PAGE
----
-ficantly different among seasons. Acarina families such as Mesostigmata, Oribatida and Prostigmata with Onychiuri -dae and Sminthuri-dae from Collembola were in minimum

abundance in summer. On the other hand, an overall sea-sonal comparison revealed that the number of arthropods in soil (individuals m-²) was the maximum (158,655) in summer and the lowest (61,249) in winter, whereas the number of litter arthropods was the highest (232,093) in

autumn and the minimum (137,452) in summer (table 3).

Regarding the variation in arthropods depending on

al-titude, only Diptera and Isotomidae taxa of soil-dwelling arthropods in mineral soil showed a significant difference.

Furthermore, Oribatida, Isotomidae, Tomoceridae and

Ne-elidae taxa in litter had significant altitudinal differences.

As regards the variation in arthropods between soil and

litter, only Tomoceridae showed a significant (P = 0.029)

difference, all other arthropods in soil and litter except

Tomoceridae had a similar distribution and did not have

statistically significant differences. The altitudinal distri -bution of soil arthropods (individuals m-²) was the maxi -mum at 1,550 m (101,797) and the mini-mum at 1,400 m (93,717), although the abundance of litter arthropods was the highest at 1,200 m (190,793) and similar to the soil results, the lowest litter arthropod were detected at the al-titude of 1,400 m (166,880) (table 4).

Regarding the preference of litter or soil habitats;

Mesostigmata, Oribatida, Prostigmata, Symphyla, insect

larvae, Onychiuridae, Isotomidae, Entomobryidae,

Tomo-ceridae and Sminthuridae taxa showed significant diffe -rences depending on the seasons. Although the results in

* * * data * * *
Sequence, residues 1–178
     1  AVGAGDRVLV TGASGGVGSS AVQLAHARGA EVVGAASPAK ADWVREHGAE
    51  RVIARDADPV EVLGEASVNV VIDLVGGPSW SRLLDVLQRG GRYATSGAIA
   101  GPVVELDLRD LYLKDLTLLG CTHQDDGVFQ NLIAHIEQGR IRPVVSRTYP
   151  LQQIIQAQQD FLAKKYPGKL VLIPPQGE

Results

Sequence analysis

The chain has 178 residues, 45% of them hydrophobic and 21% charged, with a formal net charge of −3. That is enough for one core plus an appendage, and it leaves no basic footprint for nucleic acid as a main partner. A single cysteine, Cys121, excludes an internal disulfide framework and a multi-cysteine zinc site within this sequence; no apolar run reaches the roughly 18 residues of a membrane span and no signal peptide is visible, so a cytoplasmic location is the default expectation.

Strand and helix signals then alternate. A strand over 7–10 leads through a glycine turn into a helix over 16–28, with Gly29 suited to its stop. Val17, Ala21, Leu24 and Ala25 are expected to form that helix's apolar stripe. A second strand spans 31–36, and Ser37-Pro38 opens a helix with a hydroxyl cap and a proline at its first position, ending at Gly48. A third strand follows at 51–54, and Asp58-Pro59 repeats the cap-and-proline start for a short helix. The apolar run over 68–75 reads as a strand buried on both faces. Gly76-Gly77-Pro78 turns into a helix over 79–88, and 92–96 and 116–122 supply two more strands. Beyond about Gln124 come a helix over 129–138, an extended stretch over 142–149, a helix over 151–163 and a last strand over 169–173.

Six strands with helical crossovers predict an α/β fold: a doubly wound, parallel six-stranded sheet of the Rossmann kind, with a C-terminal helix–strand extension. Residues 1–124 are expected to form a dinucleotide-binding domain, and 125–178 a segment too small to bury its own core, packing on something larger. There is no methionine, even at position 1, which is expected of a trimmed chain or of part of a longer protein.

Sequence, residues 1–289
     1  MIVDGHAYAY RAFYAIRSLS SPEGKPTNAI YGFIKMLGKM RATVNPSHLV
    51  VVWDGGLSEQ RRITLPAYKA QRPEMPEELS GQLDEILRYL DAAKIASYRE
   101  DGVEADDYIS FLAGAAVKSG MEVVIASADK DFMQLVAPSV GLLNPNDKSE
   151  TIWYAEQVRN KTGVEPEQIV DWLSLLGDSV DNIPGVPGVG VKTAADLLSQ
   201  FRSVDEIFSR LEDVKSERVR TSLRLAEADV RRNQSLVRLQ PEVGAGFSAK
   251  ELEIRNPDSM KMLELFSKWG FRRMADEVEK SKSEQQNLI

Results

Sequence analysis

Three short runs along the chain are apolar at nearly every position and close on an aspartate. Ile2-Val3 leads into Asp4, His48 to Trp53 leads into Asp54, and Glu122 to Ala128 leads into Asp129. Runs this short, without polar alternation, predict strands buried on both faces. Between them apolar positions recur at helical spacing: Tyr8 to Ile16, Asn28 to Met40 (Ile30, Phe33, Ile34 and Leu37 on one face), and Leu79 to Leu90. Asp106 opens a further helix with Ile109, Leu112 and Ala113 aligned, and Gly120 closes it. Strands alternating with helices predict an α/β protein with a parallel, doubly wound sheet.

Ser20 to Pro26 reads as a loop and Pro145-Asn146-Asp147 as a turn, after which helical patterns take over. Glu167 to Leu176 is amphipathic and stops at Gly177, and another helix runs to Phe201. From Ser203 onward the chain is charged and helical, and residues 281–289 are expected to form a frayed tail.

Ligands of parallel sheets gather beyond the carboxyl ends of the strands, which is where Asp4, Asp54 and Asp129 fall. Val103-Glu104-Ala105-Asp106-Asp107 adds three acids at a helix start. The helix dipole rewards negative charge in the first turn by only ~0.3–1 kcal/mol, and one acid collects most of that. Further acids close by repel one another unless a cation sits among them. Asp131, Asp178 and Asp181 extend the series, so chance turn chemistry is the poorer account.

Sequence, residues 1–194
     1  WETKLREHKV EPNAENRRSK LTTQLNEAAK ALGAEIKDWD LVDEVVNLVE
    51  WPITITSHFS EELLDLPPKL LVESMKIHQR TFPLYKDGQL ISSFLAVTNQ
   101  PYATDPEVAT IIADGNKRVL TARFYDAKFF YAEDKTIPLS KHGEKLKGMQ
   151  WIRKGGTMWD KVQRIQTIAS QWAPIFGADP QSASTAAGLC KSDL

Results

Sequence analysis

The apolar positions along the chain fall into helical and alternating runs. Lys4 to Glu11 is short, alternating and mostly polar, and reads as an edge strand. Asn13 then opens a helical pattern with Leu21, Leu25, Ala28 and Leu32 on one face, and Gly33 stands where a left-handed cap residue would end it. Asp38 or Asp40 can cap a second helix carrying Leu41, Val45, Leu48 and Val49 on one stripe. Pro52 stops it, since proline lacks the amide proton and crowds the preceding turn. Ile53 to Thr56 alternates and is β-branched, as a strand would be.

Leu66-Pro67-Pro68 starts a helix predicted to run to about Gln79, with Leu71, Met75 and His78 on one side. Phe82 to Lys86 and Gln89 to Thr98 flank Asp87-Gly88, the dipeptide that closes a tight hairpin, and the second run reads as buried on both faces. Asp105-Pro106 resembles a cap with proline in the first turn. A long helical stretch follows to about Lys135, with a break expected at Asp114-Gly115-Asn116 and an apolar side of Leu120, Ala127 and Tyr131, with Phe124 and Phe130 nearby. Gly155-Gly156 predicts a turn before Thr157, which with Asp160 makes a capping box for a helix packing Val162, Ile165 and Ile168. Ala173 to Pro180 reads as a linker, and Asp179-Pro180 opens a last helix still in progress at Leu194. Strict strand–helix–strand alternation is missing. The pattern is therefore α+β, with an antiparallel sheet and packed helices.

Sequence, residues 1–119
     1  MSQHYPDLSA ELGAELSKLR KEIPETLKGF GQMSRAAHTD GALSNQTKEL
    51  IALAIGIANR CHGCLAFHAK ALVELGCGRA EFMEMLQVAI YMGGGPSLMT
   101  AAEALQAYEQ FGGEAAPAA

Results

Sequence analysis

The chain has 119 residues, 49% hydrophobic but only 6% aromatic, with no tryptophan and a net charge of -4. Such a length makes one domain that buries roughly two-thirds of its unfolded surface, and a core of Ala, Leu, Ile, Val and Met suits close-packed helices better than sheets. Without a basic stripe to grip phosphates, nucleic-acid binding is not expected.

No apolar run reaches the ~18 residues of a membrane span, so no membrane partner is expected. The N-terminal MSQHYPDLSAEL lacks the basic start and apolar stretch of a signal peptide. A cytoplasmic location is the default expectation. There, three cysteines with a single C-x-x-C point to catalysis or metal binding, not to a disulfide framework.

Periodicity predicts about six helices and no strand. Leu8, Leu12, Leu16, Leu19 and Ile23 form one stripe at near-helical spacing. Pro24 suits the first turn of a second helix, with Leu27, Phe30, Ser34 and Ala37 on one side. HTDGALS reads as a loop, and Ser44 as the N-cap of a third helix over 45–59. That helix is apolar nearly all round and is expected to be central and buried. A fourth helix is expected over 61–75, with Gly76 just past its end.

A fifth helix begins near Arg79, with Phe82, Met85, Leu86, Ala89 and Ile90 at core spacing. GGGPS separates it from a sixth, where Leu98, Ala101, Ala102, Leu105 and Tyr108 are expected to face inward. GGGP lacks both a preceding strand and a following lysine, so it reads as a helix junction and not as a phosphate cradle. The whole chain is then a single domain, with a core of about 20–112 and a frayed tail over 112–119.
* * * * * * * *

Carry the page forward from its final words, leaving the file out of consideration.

habitat preferences were not significantly different, mine

-ral soil was more preferable for Pauropoda, Thysanoptera, Odontellidae, Neelida and Protura taxa, while the others

preferred the litter (tables 3 and 4).

DISCUSSION

Seasonal and altitudinal changes in soil properties and

litter characteristics. Soil moisture and temperature were

significantly different among seasons. Soil moisture chan

-ged significantly whereas soil temperature did not change significantly across altitudes. Contrary to soil sand con

-tents, soil clay contents showed a significantly increasing trend with altitude. Possibly because particle separation

and clay formation are faster in the relatively more humid

and more extreme climatic conditions that prevail at

hig-her elevations and in the north aspect. Moreover, signifi -cantly changing clay content of soil at different altitudes

may influence the altitudinal variations in soil moisture. Consistently with our results, Griffiths et al. (2009)

de-monstrated that soil moisture was significantly different

depending on both altitude and season.

Litter characteristics that had significant differences

across seasons included litter mass, pH, nitrogen, C/N, po-tassium and magnesium. Furthermore, pH, phosphorus, cal-cium and magnesium were the altitudinal litter

characteris-tics that differed significantly.Significant seasonal changes

in the soil properties were found to be in pH, nitrogen and C/N; furthermore, soil properties such as sand, silt, clay,

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Table 3

.

Seasonal arthropod abundance under fir forest in dif

ferent habitats.

Abundancia estacional de artrópodos en diferentes hábitats del bosque de abetos.

Taxa Codes Soil habitat Litter habitat Soil Litter P W inter Spring Summer Autumn P W inter Spring Summer Autumn P

Mean ± Sd.

Mean ± Sd.

Individuals m -2 Individuals m -2 Individuals m -2 Araneae Aran 61 0 0 61 0.272 111 61 92 276 0.577

31 ± 127

135 ± 490

0.764 Opiliones Opil 0 0 0 0 . 0 31 0 0 0.399

0 ± 0

8 ± 65

0.395 Pscorpionida Pseu 0 31 0 0 0.399 28 0 0 0 0.056

8 ± 65

7 ± 36

0.141 Mesostigmata Meso 7,181 ab 5,370 a 9,574 b 6,014a 0.015* 9,451 a 9,022 a 6,720 a 13,380 b 0.008**

7,035 ± 4,419

9,643 ± 6,033

0.000** Oribatida Orib 25,042 a 32,837 a 66,257 b 28,325 a 0.000** 66,049 a 69,234 a 53,736 a 110,940 b 0.000** 38,1

15 ± 34,867

74,990 ± 37,425

0.000** Astigmata Asti 153 1,074 1,104 245 0.162 1,368 1,381 1,135 2,025 0.601

644 ± 1,664

1,477 ± 2,086